It was my dog Plato that coaxed the shadow out from the depths of a dark, dense army of evergreen trees and into the flickering light of the bonfire.
Plato barked and whined with excitement but his tail also slowly wagged in a grand swishing movement, and I said quietly, “OK.” Plato took a few tentative steps, nose thrust forward, and someone emerged, hand first for the dog to sniff, like a child who’d been taught to do so by a careful parent.
It was a child who stepped forward. Young, with long hair like a girl, but scruffy, thin, and ragged. Plato sniffed, and then licked her hand. She lifted her head and looked at me with a blank, dead expression. It startled and confused me. Where was the curiosity, the relief, the fear— all the emotions I felt?
“He’s gentle,” I said to the girl. “You can pet him if you want.”
She fell to her knees, closed her eyes, and put her arms around Plato. He didn’t like hugs, but only squirmed a little.
“What’s your name?” I asked, as Plato had a quick taste of her cheek with his tongue.
“I don’t know,” she said. She stood again, and took a step backward.
“Would you like a hot dog?” I asked her.
She nodded and I went to the small table I’d set up beside the fire, where there was a cold, roasted hotdog, and some fresh ones that might take a few minutes to heat up. I figured she didn’t want to wait, so I gave her the cold, roasted one. She turned her back and ate it. I guess she ate it quickly and greedily. Someone taught this kid both manners and dog protocol. Who? I buttered a couple of hot dog buns and gave them to her, too.
“Where are you from?”
“I don’t know.”
“How old are you?”
“I don’t know.”
“Have you travelled far?” I asked. “Never mind, don’t answer.”
She slept in the tent with Plato, while I lay by the fire, wrapped up in a sleeping bag set on a thin foam mattress, and watched the stars move across the sky. I thought about how they still moved across the sky, even though life had all but ended on Earth, and about how they must have moved across the sky before the first squiggle of life struggled into being.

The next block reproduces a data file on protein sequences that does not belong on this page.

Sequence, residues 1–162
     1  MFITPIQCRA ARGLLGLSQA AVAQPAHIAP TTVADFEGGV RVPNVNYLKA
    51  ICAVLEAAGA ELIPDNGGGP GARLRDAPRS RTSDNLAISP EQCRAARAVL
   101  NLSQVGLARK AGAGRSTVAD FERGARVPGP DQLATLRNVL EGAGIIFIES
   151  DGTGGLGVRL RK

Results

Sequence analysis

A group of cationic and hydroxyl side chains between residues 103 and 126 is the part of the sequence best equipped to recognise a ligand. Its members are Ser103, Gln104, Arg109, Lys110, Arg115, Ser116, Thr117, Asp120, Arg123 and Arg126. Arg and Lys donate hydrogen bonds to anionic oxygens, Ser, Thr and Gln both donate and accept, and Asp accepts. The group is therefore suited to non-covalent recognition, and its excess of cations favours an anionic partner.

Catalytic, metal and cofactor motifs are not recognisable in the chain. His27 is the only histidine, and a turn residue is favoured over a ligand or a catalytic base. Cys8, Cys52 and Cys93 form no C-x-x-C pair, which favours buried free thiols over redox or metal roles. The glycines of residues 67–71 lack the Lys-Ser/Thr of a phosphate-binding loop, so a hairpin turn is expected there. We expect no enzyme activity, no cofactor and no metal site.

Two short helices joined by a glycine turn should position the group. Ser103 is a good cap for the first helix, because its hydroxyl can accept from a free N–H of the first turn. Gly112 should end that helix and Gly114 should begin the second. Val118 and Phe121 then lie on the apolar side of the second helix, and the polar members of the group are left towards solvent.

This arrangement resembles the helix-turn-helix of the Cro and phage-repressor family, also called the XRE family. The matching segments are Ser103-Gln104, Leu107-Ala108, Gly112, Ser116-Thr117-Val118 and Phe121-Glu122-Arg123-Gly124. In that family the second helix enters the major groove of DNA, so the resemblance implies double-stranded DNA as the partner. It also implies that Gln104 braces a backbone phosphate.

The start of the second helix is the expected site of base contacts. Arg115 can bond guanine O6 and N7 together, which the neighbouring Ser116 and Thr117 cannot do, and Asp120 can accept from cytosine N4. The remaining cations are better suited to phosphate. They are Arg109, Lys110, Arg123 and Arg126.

The following morning we walked to the mall, where we picked out some jeans and shirts and sweaters, a coat with a hood (age 9-11 seemed to fit her best), toiletries, a carry-bag, and other necessities, then she cleaned up, and a fresh, clean, nameless child with shiny black hair walked back to the camp with Plato and me. She never spoke unless I asked her a question. So I asked her questions, though she had few answers, and got upset and frustrated. I realized it might take some time. It had taken me and Plato a bit of time to get used to the plague and everyone gone and being alone, too.
“You still can’t remember your name?” I asked.
She hesitated. “Folly.”
She looked at me in silent despair. “I don’t know. I think so.”
“OK,” I said. “Would you like to come with us to the Grand Canyon?”
And so we all three crammed into the front of the red 1961 E-Type Jaguar convertible, Plato partly in her lap, and hit the open highway again. It wasn’t until we stopped at one of those gas station pantries to use the toilet and pick up some Cheezies and Snapple, that I idly looked at the big map and spotted a little town about seven miles from where we’d camped in the woods behind the big mall. The town was called Chandler’s Folly.
I decided to change our plans. The Grand Canyon wasn’t going anywhere.